BIM initiatives critical to the construction sector



The New Zealand Institute of Surveyors (NZIS) is pleased with recent Building Information Modelling (BIM) offshore initiatives gaining creditable traction, but want to see similar developments urgently pushed forward in New Zealand.

BIM is a tool that improves quality, reduces risk and delivers significant costs savings in the construction and ongoing management of buildings by better managing information relating to the construction process.

This information can include aspects such as structural elements, cladding, electrical wiring, plumbing, computer cabling and air conditioning shafts.

The ability to visualise all aspects of a building in a three dimensional model pre- and post-construction is a valuable part of the BIM process, enabling better engagement with all stakeholders.

“BIM is an incredibly powerful tool for any profession involved in land development, construction and asset management,” NZIS president Mark Allan says.

“Not only does it provide a visual context for construction, but it also allows access to common spatially correct data for all stakeholders in construction projects,” he says.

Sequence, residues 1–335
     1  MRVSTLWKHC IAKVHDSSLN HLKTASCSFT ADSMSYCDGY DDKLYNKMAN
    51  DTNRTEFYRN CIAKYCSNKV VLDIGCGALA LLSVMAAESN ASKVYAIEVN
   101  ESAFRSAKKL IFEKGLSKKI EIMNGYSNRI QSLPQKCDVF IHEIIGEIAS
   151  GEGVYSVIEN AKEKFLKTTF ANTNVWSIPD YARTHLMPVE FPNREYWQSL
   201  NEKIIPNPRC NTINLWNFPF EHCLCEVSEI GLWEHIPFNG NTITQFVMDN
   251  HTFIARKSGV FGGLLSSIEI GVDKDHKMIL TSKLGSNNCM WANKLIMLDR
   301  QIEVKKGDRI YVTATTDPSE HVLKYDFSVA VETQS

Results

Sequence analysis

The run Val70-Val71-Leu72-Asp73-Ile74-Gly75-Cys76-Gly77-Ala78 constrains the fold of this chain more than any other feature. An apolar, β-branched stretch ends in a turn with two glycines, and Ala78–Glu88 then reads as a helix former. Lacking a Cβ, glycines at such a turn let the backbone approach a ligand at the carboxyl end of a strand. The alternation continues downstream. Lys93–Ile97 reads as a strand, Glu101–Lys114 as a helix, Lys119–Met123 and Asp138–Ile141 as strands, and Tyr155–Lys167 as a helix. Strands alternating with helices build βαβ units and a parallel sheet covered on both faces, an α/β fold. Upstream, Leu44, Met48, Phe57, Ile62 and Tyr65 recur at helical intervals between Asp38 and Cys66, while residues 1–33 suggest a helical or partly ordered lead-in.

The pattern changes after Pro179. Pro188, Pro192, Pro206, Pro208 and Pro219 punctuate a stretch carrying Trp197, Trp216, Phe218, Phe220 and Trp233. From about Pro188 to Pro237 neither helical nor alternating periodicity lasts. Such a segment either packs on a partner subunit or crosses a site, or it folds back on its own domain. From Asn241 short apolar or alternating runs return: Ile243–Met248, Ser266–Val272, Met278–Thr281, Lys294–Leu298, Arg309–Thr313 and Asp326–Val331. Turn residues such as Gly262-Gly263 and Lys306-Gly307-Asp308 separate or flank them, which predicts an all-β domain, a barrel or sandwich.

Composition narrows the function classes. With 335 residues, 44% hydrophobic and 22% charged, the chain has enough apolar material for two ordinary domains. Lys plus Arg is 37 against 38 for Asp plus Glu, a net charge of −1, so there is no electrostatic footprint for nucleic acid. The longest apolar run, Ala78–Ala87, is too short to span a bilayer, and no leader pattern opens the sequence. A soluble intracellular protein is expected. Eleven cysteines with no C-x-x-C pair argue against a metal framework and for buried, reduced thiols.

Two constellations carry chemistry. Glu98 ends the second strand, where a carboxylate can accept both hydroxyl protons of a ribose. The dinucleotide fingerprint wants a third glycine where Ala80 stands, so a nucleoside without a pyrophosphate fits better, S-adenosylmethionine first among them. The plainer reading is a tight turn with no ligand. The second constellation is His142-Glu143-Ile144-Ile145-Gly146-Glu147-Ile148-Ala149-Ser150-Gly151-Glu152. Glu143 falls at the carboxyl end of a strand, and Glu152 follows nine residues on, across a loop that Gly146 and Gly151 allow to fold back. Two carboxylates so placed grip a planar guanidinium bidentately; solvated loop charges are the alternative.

“This includes design professionals, architects and engineers, developers, construction contractors and land surveyors, who are responsible for the setting out of the various construction elements of the project, surveying and measuring the as-built elements to update the BIM model, and working with all of the design and construction team to ensure that the benefits of BIM are fully realised.

“We are already falling well behind countries like the UK that are leading the way with this technology, and New Zealand needs to get on board urgently,” Mr Allan says.

The UK Government already requires that all publicly-funded construction work must be undertaken using BIM Level 2.

“NZIS membership includes land surveyors and spatial (location) specialists who already generate BIM data and are responsible for the standard and accuracy of the information collected.

“The next critical challenge is to ensure the data is accessible online and available to all parties involved in construction projects.

“New Zealand needs to move forward or risk being left behind. There are important economic savings to be had by quickly implementing these systems, and the Government needs to provide stronger leadership to ensure early adoption of BIM technology and the realisation of a digital built environment in New Zealand,” Mr Allan says.